The noble arch of Drusus perhaps bestrode the way; and other temples crowded the road up to the Capenian Gate. But there were monuments too, and those singularly illustrative of almost every period in the annals of Rome. There was the tomb of Romolus, the son of the last Pagan Emperor of Rome. Maxentius, perhaps in honour of that son, had laid out a vast circus, as though the votive offering of expiring Paganism. There was the tomb of Geta, who fell by the fratricidal hand of Caracalla, a fearful memorial of the crimes of what we call the second period of the empire. There were the sepulchres of the freedmen of Augustus, and of the freedmen of Livia, both, as might be expected, very capacious. The ashes of Augustus himself, as is well known, reposed in the Campus Martius. There was a tomb, which, though raised by a private man, must have been of unexampled splendour, that of Priscilla, the wife of Abascantius, a favourite of Domitian. It is well, among all the monuments of pride and crime, to dwell on this one prodigal memorial of true domestic affection; and this tomb, and the inmate of the tomb, are described in a work of one of the later Roman poets, worthy to live. Like all the verse of Statius, the consolation, as we may call it, inscribed to Abascantius, is in many parts strained, forced, exaggerated; but there are lines with a depth of tenderness unsurpassed—difficult to equal, in Latin verse. He describes the dying moments of Priscilla :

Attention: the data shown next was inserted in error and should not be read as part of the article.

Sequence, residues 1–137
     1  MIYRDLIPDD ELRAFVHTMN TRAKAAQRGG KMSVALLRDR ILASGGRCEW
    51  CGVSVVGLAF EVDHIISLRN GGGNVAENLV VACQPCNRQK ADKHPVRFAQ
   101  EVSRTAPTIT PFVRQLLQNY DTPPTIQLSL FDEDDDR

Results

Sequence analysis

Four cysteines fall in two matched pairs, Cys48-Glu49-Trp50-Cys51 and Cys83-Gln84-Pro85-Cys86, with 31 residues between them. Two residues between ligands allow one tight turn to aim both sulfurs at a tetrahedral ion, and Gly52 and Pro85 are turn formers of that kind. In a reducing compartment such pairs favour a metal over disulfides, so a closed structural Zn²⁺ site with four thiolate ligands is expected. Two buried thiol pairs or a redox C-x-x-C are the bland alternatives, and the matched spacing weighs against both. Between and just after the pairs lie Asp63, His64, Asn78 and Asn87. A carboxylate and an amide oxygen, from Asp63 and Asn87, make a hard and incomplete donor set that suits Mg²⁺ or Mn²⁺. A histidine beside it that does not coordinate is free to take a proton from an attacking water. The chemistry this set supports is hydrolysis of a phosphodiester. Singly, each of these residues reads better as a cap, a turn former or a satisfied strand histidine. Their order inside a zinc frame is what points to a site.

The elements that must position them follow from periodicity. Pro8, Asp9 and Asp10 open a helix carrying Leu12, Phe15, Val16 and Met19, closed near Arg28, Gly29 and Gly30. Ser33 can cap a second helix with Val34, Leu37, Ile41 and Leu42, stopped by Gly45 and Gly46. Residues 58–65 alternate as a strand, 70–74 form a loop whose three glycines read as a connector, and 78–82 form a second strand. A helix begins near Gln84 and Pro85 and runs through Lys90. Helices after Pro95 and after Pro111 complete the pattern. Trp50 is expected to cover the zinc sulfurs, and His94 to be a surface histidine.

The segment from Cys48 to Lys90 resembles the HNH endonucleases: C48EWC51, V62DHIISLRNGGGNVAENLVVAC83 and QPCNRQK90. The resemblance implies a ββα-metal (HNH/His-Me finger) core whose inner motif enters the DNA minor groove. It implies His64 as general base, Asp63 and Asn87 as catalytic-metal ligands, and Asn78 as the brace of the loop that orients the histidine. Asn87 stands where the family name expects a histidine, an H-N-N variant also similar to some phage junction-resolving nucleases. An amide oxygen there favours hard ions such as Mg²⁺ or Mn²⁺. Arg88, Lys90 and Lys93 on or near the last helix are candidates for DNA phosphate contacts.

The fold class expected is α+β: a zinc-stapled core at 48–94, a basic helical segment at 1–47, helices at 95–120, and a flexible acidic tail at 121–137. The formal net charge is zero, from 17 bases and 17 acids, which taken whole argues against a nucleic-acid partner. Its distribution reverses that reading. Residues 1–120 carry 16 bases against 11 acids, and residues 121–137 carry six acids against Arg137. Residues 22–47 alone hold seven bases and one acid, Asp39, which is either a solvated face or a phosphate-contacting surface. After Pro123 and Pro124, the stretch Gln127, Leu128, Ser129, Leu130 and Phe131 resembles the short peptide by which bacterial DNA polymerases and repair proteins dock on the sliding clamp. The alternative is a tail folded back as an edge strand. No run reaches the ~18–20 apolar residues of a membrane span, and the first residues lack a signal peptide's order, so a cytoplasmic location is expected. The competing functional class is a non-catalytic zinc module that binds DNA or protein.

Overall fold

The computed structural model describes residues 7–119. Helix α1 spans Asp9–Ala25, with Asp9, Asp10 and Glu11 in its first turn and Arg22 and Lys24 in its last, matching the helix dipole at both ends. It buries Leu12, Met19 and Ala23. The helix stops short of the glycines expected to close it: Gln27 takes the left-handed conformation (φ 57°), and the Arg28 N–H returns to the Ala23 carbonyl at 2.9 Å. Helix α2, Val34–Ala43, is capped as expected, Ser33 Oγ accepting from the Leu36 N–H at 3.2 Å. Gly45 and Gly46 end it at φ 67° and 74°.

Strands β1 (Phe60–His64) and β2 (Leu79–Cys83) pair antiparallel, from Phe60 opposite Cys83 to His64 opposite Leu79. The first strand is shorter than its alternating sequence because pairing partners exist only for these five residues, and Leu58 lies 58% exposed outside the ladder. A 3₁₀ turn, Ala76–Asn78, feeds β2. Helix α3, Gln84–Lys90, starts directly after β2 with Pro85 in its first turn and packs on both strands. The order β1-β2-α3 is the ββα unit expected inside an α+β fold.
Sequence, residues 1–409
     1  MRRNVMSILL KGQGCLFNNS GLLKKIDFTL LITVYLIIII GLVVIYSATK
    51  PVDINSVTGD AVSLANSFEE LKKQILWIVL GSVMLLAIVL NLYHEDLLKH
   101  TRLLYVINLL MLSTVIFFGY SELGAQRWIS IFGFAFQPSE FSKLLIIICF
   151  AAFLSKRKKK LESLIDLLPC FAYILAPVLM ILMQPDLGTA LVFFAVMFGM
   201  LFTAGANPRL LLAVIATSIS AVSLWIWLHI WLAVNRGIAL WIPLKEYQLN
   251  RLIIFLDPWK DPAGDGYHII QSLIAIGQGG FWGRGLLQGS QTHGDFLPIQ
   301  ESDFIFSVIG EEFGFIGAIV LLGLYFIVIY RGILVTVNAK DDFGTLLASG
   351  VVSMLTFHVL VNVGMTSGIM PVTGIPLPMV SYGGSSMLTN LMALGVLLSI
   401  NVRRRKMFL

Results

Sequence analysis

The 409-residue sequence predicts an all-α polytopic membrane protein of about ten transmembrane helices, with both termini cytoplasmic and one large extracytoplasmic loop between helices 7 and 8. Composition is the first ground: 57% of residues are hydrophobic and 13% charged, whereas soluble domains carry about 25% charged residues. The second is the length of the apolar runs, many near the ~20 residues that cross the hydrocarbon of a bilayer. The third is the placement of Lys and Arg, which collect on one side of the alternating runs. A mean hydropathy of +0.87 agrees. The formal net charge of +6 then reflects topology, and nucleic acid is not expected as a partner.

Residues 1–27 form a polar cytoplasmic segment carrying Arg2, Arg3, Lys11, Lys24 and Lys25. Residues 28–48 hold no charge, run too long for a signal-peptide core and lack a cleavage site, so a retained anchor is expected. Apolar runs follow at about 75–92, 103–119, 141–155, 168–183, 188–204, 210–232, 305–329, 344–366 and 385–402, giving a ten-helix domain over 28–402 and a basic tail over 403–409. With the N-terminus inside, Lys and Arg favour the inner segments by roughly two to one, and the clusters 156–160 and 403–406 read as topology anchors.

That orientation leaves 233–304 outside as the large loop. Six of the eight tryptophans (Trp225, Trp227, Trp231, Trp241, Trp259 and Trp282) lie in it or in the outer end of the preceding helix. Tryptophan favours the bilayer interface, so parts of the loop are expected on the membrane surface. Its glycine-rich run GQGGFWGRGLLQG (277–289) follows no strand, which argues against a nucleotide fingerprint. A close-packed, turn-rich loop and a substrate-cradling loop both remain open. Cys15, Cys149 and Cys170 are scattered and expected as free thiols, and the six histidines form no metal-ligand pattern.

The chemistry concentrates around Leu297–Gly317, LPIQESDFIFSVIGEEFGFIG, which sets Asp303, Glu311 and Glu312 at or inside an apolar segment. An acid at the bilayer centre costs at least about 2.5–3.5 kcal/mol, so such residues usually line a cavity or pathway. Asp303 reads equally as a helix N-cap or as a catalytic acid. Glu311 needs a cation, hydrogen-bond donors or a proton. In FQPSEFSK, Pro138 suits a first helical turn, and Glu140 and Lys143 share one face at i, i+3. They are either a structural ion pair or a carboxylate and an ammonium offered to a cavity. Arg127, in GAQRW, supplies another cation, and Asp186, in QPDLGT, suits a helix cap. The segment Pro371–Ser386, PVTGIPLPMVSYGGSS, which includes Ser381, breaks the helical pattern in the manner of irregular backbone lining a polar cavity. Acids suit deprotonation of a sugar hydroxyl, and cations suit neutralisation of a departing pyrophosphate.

Jamque cadunt vultus, oculisque novissimus error,
All Rome poured forth to see the costly funeral procession of Priscilla, to the Appian Way, on the banks of the Almo, near the temple of Cybele :
Est locus ante urbem, qua primum surgitur ingens